I'm 35 books behind

Posted on May 16, 2012 at 10:21 am by Herb Zlotogorski 2 Comments

According to an article in this week’s NYTimes, writers are churning out books at an ever-increasing rate to keep up with the voracious demand of the public. Where once a writer could breathe a deep sigh of satisfaction at having written one book per year, now they are aiming for – gulp – at least two!

Just reading the article, my pulse started racing, my breathing accelerated, and my brain stuttered out the math: at this rate, I am, by my count, a mere 35 books behind (as I started Hiding Places 18 years ago.)  Better get crackin’!

So I took a deep breath (yes, I do practice what I preach) and considered:  It’s wonderful that there are still so many readers who can’t get enough of the written word, no matter how it’s delivered, whether on paper or via Kindle and Nook. I also know that frustrated impatience of getting to the end of a beloved book and wanting  More! More! from the author. Many times as a reader, I’ve had to resign myself to wait however long until the next installment arrived, or, worse, to the fact that the sequel would live only in my imagination. But isn’t that life? “You can’t always get what you want” the song says. Well, maybe today you can.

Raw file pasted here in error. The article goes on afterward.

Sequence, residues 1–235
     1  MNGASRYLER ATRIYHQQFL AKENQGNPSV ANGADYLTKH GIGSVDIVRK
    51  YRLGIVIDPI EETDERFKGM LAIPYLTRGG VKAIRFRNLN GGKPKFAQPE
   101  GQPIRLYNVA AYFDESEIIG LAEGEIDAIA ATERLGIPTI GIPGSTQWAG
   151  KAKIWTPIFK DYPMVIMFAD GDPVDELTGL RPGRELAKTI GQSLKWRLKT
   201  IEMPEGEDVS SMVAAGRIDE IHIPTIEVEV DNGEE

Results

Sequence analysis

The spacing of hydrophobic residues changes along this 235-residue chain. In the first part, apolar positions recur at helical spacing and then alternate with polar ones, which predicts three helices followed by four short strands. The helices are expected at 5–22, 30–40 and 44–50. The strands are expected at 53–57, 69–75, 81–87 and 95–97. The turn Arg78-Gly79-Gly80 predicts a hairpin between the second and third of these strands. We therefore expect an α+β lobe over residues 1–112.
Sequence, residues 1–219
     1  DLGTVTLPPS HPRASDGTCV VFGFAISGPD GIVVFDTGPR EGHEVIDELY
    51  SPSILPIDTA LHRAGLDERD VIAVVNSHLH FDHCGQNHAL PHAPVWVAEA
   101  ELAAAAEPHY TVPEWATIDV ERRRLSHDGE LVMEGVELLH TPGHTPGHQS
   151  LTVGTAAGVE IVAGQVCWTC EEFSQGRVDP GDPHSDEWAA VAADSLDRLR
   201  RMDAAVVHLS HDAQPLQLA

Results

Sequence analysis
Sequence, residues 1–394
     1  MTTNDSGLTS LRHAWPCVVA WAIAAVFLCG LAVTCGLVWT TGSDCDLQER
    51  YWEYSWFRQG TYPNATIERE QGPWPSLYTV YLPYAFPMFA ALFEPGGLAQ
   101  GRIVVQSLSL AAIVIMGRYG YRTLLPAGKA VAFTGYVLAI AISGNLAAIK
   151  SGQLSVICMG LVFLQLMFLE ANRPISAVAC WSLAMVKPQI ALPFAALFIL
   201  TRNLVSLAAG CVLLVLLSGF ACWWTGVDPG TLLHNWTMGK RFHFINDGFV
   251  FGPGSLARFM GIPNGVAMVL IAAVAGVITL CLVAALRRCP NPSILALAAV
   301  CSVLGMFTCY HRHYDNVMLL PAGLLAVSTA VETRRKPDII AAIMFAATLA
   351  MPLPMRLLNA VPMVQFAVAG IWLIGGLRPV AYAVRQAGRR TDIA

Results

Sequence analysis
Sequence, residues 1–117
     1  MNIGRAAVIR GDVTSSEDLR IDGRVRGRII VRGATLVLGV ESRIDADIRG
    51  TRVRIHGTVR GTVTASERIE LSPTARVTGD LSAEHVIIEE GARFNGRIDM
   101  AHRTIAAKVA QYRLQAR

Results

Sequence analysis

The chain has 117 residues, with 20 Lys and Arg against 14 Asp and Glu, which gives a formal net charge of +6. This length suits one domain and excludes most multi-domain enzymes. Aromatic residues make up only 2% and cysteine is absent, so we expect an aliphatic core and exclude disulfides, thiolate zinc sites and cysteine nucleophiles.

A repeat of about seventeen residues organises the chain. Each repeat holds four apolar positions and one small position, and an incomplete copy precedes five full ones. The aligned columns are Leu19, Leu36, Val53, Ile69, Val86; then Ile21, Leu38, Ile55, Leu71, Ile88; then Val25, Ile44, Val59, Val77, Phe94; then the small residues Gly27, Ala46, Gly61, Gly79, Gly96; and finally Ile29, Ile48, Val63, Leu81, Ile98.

How often did you go to the movies when you were little? I remember going rarely, maybe once or twice a year. Consequently, each was An Event, clearly etched into my memory: what the theater looked like, who I went with, how I felt. And afterwards, replaying it over and over in my mind, puzzling over parts of the story, wondering, analyzing. If I missed something or wanted to check something, I had to wait until another opportunity arose. Even feature films were screened on TV only intermittently. I remember the eager anticipation of planning them into the schedule, and the excitement of sitting down to watch them on the hulking TV, (no This is well below the three percent that the “bean counters” running the corporate casino s care to relinquish to the players. multitasking!), and then replaying them over and over in my mind. I think they loomed larger in my consciousness because of their rarity.

When my kids were little, movies were already readily available on videos, for instant replay.  We could watch them over and over—and did. Having them at our beck and call had its own magic, its own power. But do you sometimes wonder, as I do, about the cost and benefits of this ready access; what was lost, what was gained?

And then things speeded up even further:  Hundreds of channels on TV. Youtube. TIVO. Thousands of ways to capture and control images and experience.  I admit it: there’s something magical about having the whole world at your fingertips. Instant access. Just as it’s sometimes wonderful to have a bowl of soup, instantly, in your bowl, in your mouth, moving from craving to sated in one zap.

So, yes, there is a place for fast food –and, apparently, for fast books. But I hope there will also always be place for slow-cooked meals, for wine that takes years to age, for wisdom that takes a lifetime to deepen. And for books well-worth waiting for.

Breathe ……   nice and deep and slow.


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